“Goal setting may provide busy parents with the additional impetus needed to prioritise their child’s physical activity above other competing demands,” the study’s authors say. In the family context, goal setting means deciding how often to participate in structured and unstructured physical activities, using a calendar to schedule and chart progress, and rewarding the family when goals are achieved. Also important for success is that parents be good role models, which means showing, not just telling. Setting individual exercise goals and realising them can motivate kids to do the same. Success is catching, so when one person in the family becomes more active, it often leads to others doing the same. While some goals can be collective, there’s plenty of room for individual goals as well.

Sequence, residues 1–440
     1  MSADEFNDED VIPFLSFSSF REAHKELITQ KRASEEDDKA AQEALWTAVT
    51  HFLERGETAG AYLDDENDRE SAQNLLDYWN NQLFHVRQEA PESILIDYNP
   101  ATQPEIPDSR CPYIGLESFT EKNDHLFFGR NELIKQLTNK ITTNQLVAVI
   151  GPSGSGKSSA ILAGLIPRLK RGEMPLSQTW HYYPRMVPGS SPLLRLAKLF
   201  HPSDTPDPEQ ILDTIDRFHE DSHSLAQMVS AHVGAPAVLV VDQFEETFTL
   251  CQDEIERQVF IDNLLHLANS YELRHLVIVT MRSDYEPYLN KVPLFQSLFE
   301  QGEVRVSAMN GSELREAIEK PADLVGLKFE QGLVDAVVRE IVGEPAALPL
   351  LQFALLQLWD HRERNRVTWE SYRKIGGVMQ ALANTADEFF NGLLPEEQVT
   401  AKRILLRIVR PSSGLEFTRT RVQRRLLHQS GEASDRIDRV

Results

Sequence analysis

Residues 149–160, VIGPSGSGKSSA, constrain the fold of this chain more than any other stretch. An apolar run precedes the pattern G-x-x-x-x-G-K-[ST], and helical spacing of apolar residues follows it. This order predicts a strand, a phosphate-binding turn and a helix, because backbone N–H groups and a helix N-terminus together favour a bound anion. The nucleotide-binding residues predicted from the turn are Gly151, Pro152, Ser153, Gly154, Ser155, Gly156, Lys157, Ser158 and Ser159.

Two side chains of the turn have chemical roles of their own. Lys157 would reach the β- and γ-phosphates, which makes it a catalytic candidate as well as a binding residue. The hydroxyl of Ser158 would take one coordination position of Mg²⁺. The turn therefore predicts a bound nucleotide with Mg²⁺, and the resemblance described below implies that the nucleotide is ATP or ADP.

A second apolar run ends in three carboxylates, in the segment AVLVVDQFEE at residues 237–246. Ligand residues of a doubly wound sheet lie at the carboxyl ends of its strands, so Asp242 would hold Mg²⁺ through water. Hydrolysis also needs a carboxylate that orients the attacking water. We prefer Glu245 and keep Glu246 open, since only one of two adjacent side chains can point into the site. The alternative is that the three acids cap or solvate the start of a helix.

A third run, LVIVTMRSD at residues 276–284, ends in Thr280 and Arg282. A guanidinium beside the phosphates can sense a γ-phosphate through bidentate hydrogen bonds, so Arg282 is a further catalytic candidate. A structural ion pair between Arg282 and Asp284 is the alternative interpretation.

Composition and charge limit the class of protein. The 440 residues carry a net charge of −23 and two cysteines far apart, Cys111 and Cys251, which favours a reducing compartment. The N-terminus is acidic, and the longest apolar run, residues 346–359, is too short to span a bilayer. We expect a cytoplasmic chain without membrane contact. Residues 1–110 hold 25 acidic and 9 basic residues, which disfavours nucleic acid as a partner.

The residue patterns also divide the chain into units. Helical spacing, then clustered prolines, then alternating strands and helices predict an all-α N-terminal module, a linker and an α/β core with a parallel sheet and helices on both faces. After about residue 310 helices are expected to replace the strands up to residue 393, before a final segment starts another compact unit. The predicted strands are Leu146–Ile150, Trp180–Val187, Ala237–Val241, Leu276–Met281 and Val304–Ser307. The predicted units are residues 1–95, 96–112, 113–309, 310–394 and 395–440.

Our children’s fitness program combines gymnastics, body weight calisthenics and weightlifting. Elements that encourage bone density development cross body movements and exercises that involve the vestibular system are also incorporated.
“CrossFit’s been awesome for him, it’s like night and day in his lap times, his ability to handle the machine, his confidence. It’s just been incredible. It’s almost unbelievable what we’ve seen from him.”
"CrossFit allows you to perform better under pressure, and to step up and be a leader in times of physiological stress. If you’re in better condition, you’re gonna be able to step up and say, hey man, I can do it and still think clearly. It’s really being able to think well when you’re tired, and think well when you’re under pressure. That’s going to get you somewhere."
There's a ton of things we used to do as kids, kids now aren't doing. There are adults that have never been upside down because they never did it as a child. Our main goal is to get kids to learn at an early age that exercise can be fun, we play a ton of games, and along the way it helps their brains develop.